Shaw went on to portray Gen. George Armstrong Custer in the critically derided Western “Custer of the West” (1967), before starring in William Friedkin’s adaptation of Harold Pinter’s “The Birthday Party” (1968). In the “Battle of Britain” (1969), Shaw was cast alongside British heavyweights like Laurence Olivier, Trevor Howard, Christopher Plummer, Michael Caine and Susannah York for this epic and surprisingly historically accurate depiction of England’s fight to stop the Luftwaffe from bombing Britain back to the Stone Age. That same year, he starred opposite Plummer in the historical drama “The Royal Hunt of the Sun” (1969), while the following year he had his first screenwriting credit with “Figures in a Landscape” (1970), wherein he played an escaped convict alongside Malcolm McDowell who try to escape from the secret police of an unidentified totalitarian country. Following a leading performance in the little known Western “A Town Called Hell” (1971), he was Lord Randolph Churchill, father to Winston Churchill (Simon Ward) in “Young Winston” (1972), a British-made biopic about the early years of the future prime minister.

Though a well-known actor both in Britain and America, Shaw had yet to hit his most fertile period, which commenced with his turn as ruthless Irish mob boss Doyle Lonnegan in “The Sting” (1973), who becomes the target of a long con by two confidence men (Paul Newman and Robert Redford) after he kills their friend and mentor (Robert Earl Jones). Shaw’s performance as the barely contained Lonnegan was a terrific counterpoint to Newman’s devil-may-care turn as expert con artist Henry Gondorff, which was perfectly exemplified in a card game where Lonnegan is out-cheated by Gondoff – one of the more memorable scenes of this multi-Oscar winning film. Shaw next played Mr. Blue, a criminal mastermind who leads a gang of thieves into a New York subway to steal $1 million in the commercial and critical action hit “The Taking of Pelham One Two Three” (1974). Standing in Mr. Blue’s way is a gruff, but determined transit cop (Walter Matthau), who contends with the chaos of multiple city agencies and a reluctant mayor (Lee Wallace) while trying to figure out just how the gang plans to escape the subway tunnel while surrounded by police.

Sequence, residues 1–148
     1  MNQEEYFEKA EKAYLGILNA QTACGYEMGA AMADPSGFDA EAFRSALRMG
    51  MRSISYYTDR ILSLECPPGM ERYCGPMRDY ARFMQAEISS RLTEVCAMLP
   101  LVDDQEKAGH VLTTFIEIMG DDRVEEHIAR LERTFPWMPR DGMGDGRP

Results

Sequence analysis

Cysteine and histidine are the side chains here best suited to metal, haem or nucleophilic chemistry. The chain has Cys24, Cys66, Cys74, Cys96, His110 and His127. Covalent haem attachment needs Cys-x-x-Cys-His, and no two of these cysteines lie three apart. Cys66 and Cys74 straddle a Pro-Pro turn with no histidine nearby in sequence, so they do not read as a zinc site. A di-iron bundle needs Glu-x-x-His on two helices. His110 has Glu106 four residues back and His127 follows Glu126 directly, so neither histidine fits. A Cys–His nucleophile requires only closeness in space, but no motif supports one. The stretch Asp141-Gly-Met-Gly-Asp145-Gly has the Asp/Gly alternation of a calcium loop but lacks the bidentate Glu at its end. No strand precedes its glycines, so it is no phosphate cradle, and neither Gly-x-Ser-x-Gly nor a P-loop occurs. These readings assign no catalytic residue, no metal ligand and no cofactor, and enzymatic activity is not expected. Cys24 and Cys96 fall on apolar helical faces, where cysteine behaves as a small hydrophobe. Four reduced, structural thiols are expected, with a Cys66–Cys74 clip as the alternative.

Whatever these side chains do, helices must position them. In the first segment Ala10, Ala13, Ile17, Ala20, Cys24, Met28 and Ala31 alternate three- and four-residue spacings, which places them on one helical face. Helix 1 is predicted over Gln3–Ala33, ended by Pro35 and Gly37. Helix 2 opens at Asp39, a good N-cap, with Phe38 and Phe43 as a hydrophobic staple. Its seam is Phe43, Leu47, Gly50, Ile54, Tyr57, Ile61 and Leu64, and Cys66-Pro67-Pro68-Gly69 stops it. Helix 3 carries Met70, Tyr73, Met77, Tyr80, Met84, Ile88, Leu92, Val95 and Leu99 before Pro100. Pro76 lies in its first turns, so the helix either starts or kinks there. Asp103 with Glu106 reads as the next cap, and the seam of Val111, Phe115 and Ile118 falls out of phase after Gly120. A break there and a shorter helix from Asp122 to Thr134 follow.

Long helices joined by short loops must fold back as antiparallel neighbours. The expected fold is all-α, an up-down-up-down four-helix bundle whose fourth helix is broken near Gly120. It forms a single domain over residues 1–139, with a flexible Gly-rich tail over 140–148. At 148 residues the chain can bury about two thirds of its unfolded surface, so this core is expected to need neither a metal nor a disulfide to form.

The following year, Shaw delivered his most iconic performance in Steven Spielberg’s “Jaws” (1975) playing Quint, a salty old shark fisherman who hunts down a killer great white with a landlubber police chief (Roy Scheider) and a know-it-all marine biologist (Richard Dreyfuss). Shaw’s turn as the grizzled seafarer was the film’s most memorable, particularly in his confrontations with Dreyfuss’ bookish biologist and in his haunting recount of the sinking of the doomed U.S.S. Indianapolis. The movie was a monster hit and the highest-grossing film ever made at the time, making “Jaws” Shaw’s most successful film on all fronts. From there, Shaw starred alongside James Earl Jones as two pirates in “Swashbuckler” (1976) and played the Sheriff of Nottingham to Sean Connery’s Robin Hood in “Robin and Marian” (1976). He went on to search for sunken treasure with Nick Nolte and Jacqueline Bisset in “The Deep” (1977) and was an Israeli military officer trying to thwart a crazed Vietnam vet (Bruce Dern) from blowing up the Super Bowl in “Black Sunday” (1977). Shaw next starred in the sequel “Force 10 From Navarone” (1977), taking over the Gregory Peck role as the leader of a special forces group that tries to blow up a bridge with a traitor in their midst. After completing the filming of “Avalanche Express” (1979), where he played a Russian general who defects to the United States, Shaw suffered a sudden heart attack while home in Tourmakeady, County Mayo, Ireland. He was only 51 years old.

By Shawn Dwyer

The above TCM overview can also be accessed online here.
Robert Shaw
Robert Shaw